The First Amendment prohibits government from promoting religion; it does not prohibit the government from taking steps to protect health and safety.The New Testament juxtaposes itself to the ritualism of the Old (as did the Lutheran and especially Zwinglian reform movements with regards to the Catholic Church), so compulsory actions along the lines of foot-washing have few parallels in contemporary American Christianity.
But the issue might conceivably arise. Say, hypothetically, head-rinsing in a university's drinking fountains led to demands for the construction of baptismal fonts at multiple locations on campus. Drinking from the same place that grimy college hair and face are washed is not a healthy practice. As is the case with the footbaths, secular people would be able to make use of the fonts as well. Would the ACLU, to avoid this problem brought on by an action entirely religious in nature, lend its verbal support for the fonts in the face of church-state criticism?
Some logic. Because a religious practice is unsanitary, special accomodations must be made to make it less so. Public resources must be used to ensure this. Taken to its logical conclusion, this argument may be employed in support of any religiously-influenced structure on public lands and/or with public funds that could conceivably serve up some health benefit, even if that benefit is realized in merely moving away from the rest of the general public the very believers who created the health concern in the first place.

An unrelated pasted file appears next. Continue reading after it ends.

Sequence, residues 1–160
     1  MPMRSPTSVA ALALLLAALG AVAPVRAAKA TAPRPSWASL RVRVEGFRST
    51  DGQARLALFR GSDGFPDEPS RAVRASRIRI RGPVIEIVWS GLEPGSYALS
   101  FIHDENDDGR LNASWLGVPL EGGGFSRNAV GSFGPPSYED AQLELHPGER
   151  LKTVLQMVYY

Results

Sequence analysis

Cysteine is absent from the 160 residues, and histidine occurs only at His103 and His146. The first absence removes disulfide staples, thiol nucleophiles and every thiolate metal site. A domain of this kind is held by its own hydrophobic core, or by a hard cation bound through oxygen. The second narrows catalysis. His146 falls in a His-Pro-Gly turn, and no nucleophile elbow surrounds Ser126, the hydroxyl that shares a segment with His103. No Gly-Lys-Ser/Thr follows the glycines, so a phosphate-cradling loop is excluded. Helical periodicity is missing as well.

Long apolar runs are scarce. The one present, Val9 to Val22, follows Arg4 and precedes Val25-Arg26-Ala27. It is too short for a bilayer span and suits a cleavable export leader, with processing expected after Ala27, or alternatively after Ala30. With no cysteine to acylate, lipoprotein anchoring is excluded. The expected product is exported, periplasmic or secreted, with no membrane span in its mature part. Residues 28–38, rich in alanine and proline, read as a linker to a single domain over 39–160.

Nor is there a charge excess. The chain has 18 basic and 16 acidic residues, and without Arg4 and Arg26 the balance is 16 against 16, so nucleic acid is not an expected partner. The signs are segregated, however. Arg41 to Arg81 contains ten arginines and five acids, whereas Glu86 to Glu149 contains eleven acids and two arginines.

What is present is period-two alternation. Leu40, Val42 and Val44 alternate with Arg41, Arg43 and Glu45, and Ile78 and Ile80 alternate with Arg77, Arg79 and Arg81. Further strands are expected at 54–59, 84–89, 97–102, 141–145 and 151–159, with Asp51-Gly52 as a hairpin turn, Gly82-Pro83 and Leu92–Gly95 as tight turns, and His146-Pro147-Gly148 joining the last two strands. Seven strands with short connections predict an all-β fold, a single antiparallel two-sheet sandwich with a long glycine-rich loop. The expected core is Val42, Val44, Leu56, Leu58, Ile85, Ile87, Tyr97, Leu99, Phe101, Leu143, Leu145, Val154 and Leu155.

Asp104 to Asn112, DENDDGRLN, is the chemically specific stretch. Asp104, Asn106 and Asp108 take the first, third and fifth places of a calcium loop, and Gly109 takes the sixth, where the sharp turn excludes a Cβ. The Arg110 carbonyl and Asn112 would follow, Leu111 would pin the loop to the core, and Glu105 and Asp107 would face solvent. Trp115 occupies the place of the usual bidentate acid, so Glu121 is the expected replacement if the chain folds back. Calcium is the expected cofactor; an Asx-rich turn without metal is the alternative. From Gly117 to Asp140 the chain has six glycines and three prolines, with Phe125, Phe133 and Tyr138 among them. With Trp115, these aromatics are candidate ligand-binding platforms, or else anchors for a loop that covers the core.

The ACLU is not a defender of unfettered liberty. It opposes the Minutemen, essentially a neighborhood watch group operation at the national level. It supports mandatory, race-based quotas for public schools. It opposes the voluntary, transactional agreement between a private charity and drug-addicted women in the former compensating the latter for becoming sterilized (so much for pro-choice!). It is an advocate for the freedom of aggression against all that is related to the broad Western-white-middle class-bourgeroise social, cultural, and economic worldviews. There is scarcely a case the ACLU has taken up that does not make sense in light of this conceptual understanding of the organization's purpose.